If Watford cut his ISO possessions in half and focused more on posting up (where he’s very good) and being one of the few 6’9” ball handlers in college basketball (where he’s actually pretty terrific), he would be a better overall player. But it’s kind of a small complaint if this is the main issue I have with the sixth-best offense in America. The athleticism at LSU is nearly unmatched; it’s just about if they can mentally put it together each night.

Here’s a quick scout of LSU’s rotation. Only players who receive at least 10 minutes per game in SEC play are considered. The first five players are projected starters. Positions in parentheses are from Bart Torvik’s algorithm.

  • #1 Javonte Smart (scoring PG). As explored above, Smart has gotten exponentially better from downtown and has improved his shot selection inside the arc, though he’s still prone to taking bad jumpers sometimes. 20.2% TO% is the main blemish, but pretty hard to guard.
  • #24 Cameron Thomas (wing G). The leading scorer on the team and the guy that should probably be the SEC Player of the Year, despite being an awful defender. (We’ll explore sortly.) Thomas is one of the best shot creators in college basketball, never turns it over, and scores efficiently despite a high difficulty of shots. A worthy first-round pick.
  • #0 Mwani Wilkinson (wing G). Has literally the lowest usage rate of any high-major starter at just 8.3% of all possessions. Wilkinson takes a shot about once per 8.3 minutes of on-court time, which is insane. It comes as no surprise that he is extremely efficient and exclusively scores off of basket cuts and rebounds. Missed last game due to the flu.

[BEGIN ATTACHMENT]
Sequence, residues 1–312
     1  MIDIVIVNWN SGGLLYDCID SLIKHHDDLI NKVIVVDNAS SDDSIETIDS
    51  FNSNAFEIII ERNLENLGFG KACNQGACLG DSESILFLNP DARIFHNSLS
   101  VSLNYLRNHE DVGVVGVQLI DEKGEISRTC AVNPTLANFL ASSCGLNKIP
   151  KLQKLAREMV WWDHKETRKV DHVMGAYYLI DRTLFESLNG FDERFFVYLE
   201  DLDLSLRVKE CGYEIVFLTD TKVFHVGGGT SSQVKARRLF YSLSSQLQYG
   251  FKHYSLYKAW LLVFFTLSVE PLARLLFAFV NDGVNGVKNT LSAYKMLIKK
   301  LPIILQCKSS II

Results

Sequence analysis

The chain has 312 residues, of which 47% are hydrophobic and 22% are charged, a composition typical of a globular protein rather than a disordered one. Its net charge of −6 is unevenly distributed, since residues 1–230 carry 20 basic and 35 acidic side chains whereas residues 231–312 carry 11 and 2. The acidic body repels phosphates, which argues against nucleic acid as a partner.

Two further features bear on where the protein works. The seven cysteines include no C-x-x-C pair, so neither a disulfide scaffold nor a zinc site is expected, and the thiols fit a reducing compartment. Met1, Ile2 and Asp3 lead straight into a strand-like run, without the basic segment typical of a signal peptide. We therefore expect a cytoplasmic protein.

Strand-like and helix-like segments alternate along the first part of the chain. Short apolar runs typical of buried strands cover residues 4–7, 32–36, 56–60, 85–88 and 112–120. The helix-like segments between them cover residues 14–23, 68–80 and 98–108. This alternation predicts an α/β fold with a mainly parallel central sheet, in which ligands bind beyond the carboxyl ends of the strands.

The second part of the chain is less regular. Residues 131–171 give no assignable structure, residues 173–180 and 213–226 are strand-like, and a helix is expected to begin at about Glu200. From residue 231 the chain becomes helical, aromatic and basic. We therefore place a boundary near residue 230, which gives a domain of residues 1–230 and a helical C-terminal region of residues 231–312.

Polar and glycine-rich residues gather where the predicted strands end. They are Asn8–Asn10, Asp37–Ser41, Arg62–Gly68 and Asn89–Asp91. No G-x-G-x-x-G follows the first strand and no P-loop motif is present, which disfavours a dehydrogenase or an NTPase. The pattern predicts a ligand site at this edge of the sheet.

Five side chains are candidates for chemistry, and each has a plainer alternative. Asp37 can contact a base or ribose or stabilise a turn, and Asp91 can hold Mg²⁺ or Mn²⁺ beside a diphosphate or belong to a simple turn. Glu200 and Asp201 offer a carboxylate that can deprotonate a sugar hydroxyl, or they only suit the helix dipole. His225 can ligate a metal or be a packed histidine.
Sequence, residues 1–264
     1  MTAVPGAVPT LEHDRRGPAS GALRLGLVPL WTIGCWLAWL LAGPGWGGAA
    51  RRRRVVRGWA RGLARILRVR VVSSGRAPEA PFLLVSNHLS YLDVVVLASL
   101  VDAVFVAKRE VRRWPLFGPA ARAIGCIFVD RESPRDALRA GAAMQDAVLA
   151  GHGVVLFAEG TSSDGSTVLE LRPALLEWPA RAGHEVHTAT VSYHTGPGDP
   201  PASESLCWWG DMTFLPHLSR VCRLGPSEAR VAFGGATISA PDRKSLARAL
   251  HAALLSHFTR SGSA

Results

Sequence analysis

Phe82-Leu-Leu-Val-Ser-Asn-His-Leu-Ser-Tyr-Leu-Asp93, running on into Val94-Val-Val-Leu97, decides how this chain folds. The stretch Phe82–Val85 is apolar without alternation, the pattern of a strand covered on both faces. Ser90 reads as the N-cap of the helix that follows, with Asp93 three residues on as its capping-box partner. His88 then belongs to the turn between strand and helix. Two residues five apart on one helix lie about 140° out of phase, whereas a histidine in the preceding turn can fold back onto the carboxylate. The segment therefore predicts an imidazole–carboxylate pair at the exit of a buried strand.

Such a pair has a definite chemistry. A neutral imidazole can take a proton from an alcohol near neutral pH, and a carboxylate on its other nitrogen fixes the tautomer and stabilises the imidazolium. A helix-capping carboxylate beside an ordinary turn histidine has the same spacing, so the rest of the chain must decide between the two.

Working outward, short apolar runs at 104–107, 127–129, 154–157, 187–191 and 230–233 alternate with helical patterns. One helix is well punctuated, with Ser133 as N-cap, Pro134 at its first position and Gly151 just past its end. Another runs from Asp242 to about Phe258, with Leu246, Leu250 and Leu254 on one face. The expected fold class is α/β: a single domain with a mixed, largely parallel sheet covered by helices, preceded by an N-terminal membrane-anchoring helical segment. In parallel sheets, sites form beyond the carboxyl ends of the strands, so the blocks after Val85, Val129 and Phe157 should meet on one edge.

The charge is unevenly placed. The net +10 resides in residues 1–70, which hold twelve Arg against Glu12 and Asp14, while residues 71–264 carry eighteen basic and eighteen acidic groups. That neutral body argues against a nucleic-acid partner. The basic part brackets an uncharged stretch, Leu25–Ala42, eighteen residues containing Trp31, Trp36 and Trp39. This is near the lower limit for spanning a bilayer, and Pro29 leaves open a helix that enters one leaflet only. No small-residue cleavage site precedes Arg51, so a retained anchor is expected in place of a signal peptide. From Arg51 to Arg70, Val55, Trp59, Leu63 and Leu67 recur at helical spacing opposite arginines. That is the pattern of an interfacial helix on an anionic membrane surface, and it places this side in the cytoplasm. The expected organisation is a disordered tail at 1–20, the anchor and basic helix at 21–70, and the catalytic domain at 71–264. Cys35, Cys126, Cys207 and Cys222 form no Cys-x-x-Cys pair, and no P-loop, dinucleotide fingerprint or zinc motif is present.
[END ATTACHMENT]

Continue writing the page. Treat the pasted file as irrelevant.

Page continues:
• #4 Darius Days (stretch 4). A stretch 4 shaped like a bowling ball. Days is a dominant rebounder, very good shooter, fantastic finisher, and all-around very good player. Do not let him get open from anywhere.
  • #2 Trendon Watford (wing F). Possibly the most talented player on this very talented roster, which makes him a frustrating watch. Watford ISOs on 18% of his possessions, which would be great if he shot better than 38% on said possessions. Can score consistently within 15 feet, though, and gets fouled a lot. 
  • #11 Josh LeBlanc (PF/C). Another small-ball center, though LeBlanc just never shoots and has a 9% Usage Rate. He’s the best rim protector on the team, but because of his lack of offensive game and an awful 6.3 fouls/40 metric, he only plays about 13-16 minutes a night.
  • #25 Eric Gaines (combo G). Has had a nightmare offensive season: 8-30 on twos, 3-20 on threes. It seems just like a temporary thing because he’s an average free throw shooter and plays good defense. Also has a 29.3% TO%, though.
  • #32 Shareef O’Neal (PF/C). Shaq’s son didn’t play against Mississippi State but has randomly become a 10-15 minute player over the last couple of weeks. O’Neal can block a shot and is a very good rebounder, but aside from that, he doesn’t do much.

NEXT PAGE: The only movie set in Louisiana that matters is 1986’s Down By Law. I know there are others, but to me, it is just Down By Law